One sector that's undoubtedly gone from bubble territory to flat-out deflated is cannabis. Many producers saw valuations skyrocket upon the federal legalization of cannabis in Canada in late 2018. Of course, the ensuing bubble, which lasted for most of 2018 and some of 2019, is a mania many have moved past.

But this sector has also seen impressive uptake in recent years, growing at a respectable rate, with valuations that are (finally) starting to jibe with reality. There are some great growth opportunities to be had for investors with the patience to avoid looking at their portfolios on a day-to-day basis.

Here are three of the top cannabis stocks I think are worth buying and holding for the next decade.

Curaleaf: A U.S. MSO with impressive revenue growth

U.S.-based multi-state operators (MSOs) like Curaleaf (CURLF -4.30%) have certainly had a rough go over the past two years. Trading above $16 per share in February 2021, Curaleaf stock now trades under $4 per share. 

However, over the past two years, Curaleaf has seen some very impressive growth. Revenue has more than doubled over this period, with gross profits increasing by a similar amount. The company hasn't been able to turn a net profit, but its earnings before interest and taxes have increased, albeit at a slower rate than revenue growth.

Curaleaf has proven to be a sector outperformer, for what it's worth. Compared to the AdvisorShares Pure U.S. Cannabis ETF Curaleaf's one-year decline of approximately 40% is much better than the more than 65% decline seen in this exchange-traded fund over the past year. 

As the U.S. adult-use cannabis market continues to grow, and more states legalize cannabis for recreational use, Curaleaf stands to benefit perhaps the most from this growth. That's because the company's vertically integrated business model is scalable, and has already shown proof of concept with respect to its previous rollouts. For example, Connecticut's adult-use market is estimated to be worth over $215 million in the first year. As Curaleaf continues to expand into new markets, I anticipate the company's growth trajectory is likely to remain intact.

Canopy Growth: A Canadian cannabis company with a valuation that makes sense

Canada-based Canopy Growth (CGC -2.95%) is the first of two foreign stocks included on this list. As mentioned, Canada legalized cannabis federally for recreational use in 2018. Accordingly, Canopy Growth (formerly Tweed) stock saw an incredible surge on this news, given its roots in the Great White North.

Unfortunately for investors who bought in near the peak hysteria, realized growth in terms of recreational use hasn't really panned out according to initial estimates. Previous estimates in 2017 called for the Canadian cannabis market to be between $4.2 billion Canadian dollars and CA$6.2 billion in 2018. Fast forward five years later, and Canadians only spent CA$4.5 billion in 2022 (near the low point of the initial range five years ago).

It's no wonder then that Canopy Growth and its Canadian peers have been slammed over the past few years. That said, while Canopy's previous valuation was grossly exaggerated, its current valuation seems a lot more palatable. Trading at around 3.2 times sales (compared to 7.7 times at the end of 2021), the company has felt its fair share of valuation compression due to sector-specific and macro forces alike.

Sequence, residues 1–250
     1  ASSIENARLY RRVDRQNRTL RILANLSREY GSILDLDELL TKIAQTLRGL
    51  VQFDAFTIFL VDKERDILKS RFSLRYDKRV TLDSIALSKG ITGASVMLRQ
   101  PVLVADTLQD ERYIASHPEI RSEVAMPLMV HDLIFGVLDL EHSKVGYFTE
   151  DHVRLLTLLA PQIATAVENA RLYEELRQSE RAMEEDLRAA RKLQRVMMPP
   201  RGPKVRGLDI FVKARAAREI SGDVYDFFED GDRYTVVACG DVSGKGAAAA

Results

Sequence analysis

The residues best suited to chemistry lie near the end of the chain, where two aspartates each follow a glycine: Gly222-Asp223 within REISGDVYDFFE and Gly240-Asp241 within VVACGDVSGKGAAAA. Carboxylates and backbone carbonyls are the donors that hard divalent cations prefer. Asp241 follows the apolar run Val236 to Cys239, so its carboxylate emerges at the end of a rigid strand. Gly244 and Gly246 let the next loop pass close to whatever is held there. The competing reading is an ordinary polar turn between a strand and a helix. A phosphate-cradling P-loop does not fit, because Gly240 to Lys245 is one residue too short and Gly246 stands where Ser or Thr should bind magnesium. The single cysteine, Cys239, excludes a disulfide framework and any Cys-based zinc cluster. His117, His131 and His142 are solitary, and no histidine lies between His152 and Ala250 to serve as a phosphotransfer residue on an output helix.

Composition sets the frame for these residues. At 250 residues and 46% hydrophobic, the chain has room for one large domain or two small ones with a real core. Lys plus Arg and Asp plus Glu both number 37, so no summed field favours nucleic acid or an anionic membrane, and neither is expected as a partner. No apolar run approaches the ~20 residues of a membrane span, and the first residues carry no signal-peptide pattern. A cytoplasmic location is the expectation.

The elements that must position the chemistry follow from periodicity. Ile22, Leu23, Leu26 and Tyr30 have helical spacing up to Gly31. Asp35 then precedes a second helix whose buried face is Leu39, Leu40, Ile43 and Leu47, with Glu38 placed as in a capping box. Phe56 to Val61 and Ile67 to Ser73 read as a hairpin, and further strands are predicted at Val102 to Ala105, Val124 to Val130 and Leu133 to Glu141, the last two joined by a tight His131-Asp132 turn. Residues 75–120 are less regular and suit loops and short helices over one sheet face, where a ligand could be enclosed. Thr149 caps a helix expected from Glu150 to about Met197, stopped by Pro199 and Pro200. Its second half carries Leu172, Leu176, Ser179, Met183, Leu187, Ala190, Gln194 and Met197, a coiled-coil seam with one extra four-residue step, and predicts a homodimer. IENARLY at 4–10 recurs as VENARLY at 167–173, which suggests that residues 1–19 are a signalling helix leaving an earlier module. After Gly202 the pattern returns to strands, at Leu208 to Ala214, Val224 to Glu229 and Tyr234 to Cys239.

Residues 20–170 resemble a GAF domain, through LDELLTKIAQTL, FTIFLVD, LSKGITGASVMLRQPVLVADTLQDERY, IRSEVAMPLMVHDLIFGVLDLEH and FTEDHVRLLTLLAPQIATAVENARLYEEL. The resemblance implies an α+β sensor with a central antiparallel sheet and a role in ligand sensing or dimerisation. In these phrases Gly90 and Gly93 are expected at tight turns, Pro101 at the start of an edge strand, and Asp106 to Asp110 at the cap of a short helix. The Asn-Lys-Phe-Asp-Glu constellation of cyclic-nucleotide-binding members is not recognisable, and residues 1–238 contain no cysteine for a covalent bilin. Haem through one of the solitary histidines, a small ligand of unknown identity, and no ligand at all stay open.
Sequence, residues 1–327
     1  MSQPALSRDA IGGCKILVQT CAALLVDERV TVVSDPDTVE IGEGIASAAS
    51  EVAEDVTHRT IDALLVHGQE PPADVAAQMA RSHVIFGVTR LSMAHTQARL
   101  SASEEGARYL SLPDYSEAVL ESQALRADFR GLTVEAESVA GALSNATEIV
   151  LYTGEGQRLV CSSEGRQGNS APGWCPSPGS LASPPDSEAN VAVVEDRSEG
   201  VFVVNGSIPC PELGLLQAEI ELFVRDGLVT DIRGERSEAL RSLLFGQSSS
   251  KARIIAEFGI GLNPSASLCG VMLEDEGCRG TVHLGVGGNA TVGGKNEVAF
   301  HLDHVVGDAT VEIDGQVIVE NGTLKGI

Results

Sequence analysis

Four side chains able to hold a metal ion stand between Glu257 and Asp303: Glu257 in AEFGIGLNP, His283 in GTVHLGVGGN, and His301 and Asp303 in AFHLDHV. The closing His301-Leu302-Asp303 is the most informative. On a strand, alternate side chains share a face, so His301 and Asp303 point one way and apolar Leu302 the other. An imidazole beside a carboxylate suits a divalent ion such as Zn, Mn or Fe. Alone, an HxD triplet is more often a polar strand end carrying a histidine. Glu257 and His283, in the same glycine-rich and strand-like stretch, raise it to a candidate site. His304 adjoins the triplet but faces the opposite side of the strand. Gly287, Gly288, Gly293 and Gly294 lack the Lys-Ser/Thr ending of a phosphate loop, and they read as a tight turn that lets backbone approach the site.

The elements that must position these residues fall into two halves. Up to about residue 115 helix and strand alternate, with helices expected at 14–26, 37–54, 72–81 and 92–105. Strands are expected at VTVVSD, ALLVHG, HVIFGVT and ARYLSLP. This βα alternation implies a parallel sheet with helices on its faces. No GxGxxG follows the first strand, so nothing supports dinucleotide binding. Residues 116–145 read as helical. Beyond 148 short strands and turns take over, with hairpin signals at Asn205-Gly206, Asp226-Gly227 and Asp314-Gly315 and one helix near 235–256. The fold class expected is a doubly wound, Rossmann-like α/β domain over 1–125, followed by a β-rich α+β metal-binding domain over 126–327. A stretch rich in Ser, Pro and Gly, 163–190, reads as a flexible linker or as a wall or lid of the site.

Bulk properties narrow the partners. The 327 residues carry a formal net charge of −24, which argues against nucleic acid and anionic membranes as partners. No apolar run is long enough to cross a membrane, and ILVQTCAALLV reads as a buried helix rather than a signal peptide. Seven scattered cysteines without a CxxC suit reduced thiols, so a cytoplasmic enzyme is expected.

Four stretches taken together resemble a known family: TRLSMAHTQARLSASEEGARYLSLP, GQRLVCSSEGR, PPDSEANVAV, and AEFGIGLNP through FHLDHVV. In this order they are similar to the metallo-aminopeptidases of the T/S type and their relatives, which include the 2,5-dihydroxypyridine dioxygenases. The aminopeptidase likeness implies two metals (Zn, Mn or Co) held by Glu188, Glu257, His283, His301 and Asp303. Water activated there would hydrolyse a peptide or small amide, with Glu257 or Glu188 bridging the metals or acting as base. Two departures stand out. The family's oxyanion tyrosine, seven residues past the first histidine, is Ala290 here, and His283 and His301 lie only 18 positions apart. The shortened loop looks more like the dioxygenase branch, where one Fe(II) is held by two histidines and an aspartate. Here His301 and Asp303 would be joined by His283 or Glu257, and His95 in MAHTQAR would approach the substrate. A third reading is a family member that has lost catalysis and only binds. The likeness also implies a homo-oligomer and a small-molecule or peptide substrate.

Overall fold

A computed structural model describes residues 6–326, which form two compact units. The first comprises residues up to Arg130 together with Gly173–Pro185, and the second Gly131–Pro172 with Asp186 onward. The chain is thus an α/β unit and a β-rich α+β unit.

As one of the largest cannabis companies in Canada, with some exposure to the U.S. market, Canopy Growth provides investors with perhaps one of the most stable options among the generally highly volatile international players in this segment. That's because this is a company with valuation and growth metrics that continue to remain robust, despite declining sector-wide numbers. Relative to its peers, Canopy remains one of the highest-quality cannabis companies in terms of fundamentals right now. 

Aurora Cannabis: Great geographical diversification 

Another leading Canadian cannabis option, Aurora Cannabis (ACB -2.71%), has also been a very unprofitable investment for its long-term shareholders in recent years. Many of the same issues and headwinds apply.

That said, I think Aurora is among the more unique players worth a look at for those seeking multibagger potential in the coming decade. This is a company with a strong presence in its domestic Canadian market. However, from a geographical and product-specific perspective, Aurora has done a good job of diversifying its offerings in a number of ways.

The company serves both wholesale and retail markets in the European Union, Australia, the Caribbean, South America, and Israel. In the U.S. market, Aurora has taken significant market share in the niche hemp-derived CBD market. And in Canada, Aurora has a significant market share in both retail and wholesale channels.

As far as vertical integration goes, Aurora is among the best options in this sector. One of the aspects I like best about the company's business model is its increased focus on value-added products such as oils, capsules, edibles, extracts, and the like. If legalization ever takes hold in the U.S., Aurora is a company with a product and brand portfolio that's able to serve many market segments. That's something for long-term investors to think about.

If you don't mind a little fire, these stocks could spark your portfolio

Overall, the cannabis sector remains a highly speculative one. That said, as the saying goes, no risk, no reward.

Long-term investors looking to add a small slice of portfolio exposure to this sector may want to dive into these three options. They're each unique players in their respective markets, and ones I think could lead the way in terms of capital appreciation, if and when the next bull market begins.